Czech Master Resin 1/72 Sikorsky S-38
Images, model and text copyright © 2003 by Matt Swan
Martin Johnson and his wife Osa made the Sikorsky S-38 famous during his exploration of the Dark Continent. He and his wife used an S-38 and an S-39 as their primary means of exploring the inner areas of Africa. And you cannot cover the subject of commercial seaplanes in Hawaii without noting the rugged S-38. It was often referred to as an "Air Yacht" it was stylish and luxurious and had wheels making it a true amphibian seaplane.
It was used by filmmakers and adventurers as well as by Pan American Airways and Hawaii's Inter-Island Airways. It was coveted by individuals with the resources to experience this kind of adventure and by small business as well like the S.C. Johnson Company and their colorful aircraft, the "Carnauba".
Powered by twin Pratt and Whitney 450 horsepower radial Wasp engines, the S-38 could reach 110 miles per hour with a range of 600 miles. In a passenger craft configuration it could seat 8 passengers plus the pilot and co-pilot.
Although the original "Carnauba" is long gone the Johnson family has had the aircraft accurately reproduced and this is the inspiration for my modeling project. Interior accommodations varied greatly from aircraft to aircraft dependent on the whims of the owner and the interior of the "Carnauba" is no exception, actually, it is exceptional! Inside this air yacht we find a small china buffet and an overstuffed sofa to seat three. There are two plush chairs and exquisite woodwork throughout the craft. This is the aircraft that I will be modeling.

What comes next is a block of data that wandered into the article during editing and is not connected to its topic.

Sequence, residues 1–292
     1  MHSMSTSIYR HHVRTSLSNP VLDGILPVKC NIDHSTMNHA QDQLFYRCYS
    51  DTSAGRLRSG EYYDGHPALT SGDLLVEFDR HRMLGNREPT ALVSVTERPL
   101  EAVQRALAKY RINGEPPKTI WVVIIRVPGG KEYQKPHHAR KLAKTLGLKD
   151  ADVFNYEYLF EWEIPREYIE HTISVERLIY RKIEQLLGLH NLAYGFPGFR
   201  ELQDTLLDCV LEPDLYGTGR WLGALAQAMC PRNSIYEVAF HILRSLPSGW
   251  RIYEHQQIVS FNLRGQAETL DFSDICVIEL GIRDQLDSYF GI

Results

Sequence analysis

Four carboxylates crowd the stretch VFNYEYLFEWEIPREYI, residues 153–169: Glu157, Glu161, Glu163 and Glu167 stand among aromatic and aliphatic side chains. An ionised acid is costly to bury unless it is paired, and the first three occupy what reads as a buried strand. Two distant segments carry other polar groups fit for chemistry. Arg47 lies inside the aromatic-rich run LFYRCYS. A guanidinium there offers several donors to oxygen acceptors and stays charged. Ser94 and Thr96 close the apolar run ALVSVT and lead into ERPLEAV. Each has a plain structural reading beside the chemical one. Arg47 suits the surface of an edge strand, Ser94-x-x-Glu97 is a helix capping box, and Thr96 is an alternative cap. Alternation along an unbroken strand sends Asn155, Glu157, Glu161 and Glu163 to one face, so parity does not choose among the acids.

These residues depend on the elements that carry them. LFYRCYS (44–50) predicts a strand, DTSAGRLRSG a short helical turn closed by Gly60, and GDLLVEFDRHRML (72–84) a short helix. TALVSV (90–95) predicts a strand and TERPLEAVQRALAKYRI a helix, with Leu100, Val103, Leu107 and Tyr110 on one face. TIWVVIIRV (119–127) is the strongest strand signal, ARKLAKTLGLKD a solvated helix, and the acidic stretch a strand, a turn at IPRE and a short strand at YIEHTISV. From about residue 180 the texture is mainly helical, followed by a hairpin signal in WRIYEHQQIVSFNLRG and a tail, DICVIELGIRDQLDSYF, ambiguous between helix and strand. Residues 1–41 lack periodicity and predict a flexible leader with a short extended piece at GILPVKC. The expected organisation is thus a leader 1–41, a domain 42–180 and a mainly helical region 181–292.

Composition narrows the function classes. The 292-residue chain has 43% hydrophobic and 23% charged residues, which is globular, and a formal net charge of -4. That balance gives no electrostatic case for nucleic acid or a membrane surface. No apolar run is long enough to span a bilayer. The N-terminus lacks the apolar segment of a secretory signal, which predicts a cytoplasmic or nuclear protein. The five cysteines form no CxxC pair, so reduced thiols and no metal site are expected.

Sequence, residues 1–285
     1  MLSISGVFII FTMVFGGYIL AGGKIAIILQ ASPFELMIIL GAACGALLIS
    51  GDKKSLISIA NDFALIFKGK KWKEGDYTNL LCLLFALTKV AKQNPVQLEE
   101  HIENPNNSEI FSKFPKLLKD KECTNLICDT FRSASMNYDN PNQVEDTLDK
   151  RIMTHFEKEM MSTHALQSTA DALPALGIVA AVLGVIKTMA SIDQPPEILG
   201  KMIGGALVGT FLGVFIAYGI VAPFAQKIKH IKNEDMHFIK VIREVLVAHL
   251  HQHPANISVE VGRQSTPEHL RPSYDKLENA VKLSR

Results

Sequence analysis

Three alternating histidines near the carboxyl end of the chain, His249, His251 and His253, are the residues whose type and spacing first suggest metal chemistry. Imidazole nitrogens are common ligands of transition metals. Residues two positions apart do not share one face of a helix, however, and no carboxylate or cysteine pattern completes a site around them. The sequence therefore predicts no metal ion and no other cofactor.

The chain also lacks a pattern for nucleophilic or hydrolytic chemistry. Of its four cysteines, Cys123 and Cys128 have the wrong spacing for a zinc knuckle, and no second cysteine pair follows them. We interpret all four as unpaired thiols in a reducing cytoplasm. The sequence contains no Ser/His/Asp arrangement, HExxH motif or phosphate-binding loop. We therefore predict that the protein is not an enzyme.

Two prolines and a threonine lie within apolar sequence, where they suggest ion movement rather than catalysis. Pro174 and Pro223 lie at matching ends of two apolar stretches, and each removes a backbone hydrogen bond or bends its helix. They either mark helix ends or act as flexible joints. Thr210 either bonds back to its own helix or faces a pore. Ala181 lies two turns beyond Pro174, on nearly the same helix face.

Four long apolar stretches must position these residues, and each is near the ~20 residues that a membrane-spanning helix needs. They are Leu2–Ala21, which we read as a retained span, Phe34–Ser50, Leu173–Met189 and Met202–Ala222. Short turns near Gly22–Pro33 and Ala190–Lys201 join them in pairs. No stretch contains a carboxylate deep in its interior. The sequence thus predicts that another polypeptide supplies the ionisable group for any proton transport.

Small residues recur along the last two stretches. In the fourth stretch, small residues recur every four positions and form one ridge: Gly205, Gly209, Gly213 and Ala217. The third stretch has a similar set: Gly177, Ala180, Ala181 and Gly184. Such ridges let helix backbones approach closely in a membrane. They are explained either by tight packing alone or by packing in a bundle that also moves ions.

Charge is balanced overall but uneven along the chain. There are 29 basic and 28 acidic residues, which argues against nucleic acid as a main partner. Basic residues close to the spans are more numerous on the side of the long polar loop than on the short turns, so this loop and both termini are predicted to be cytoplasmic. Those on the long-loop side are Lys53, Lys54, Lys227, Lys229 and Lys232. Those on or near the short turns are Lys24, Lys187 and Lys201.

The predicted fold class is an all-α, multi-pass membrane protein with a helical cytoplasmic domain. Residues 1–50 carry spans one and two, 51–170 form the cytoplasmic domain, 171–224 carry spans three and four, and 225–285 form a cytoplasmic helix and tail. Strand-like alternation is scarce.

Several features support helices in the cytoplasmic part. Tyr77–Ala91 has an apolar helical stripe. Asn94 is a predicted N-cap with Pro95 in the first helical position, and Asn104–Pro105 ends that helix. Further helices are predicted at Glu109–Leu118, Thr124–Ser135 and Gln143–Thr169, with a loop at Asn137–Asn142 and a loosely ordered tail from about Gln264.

I like Sikorsky aircraft so much, and this model in particular, that I had to purchase two copies of the kit. One, purchased from an internet model distributor, arrived in a plastic bag while the other, purchased from the Martin and Osa Johnson Safari Museum , arrived in a white light duty cardboard box. Czech Master made an initial production run of 200 kits which was the original intent, however, the kit was so popular and sold out of the distributors so fast that they re-mastered the molds and made a second 200 unit run in mid 2003. I also purchased two models because the decals are so cool that, like a Lays potato chip, I couldn't do just one.
Upon opening the bag two things stood out right away; the massive single piece main wing which appears to be cast nice and straight. The second item is dual sets of fuselage pieces. The Carnauba has a slightly different window arraignment from the other versions of the S-38 and Czech Masters included both versions for us. There are also two different sets of engines for different versions. Oddly though, with the inclusion of all these variations to build the Carnauba there were no interior details for this craft, only commercial passenger details are included. There are plenty of small struts, hinges and detail pieces and the upper access door is included as a separate piece.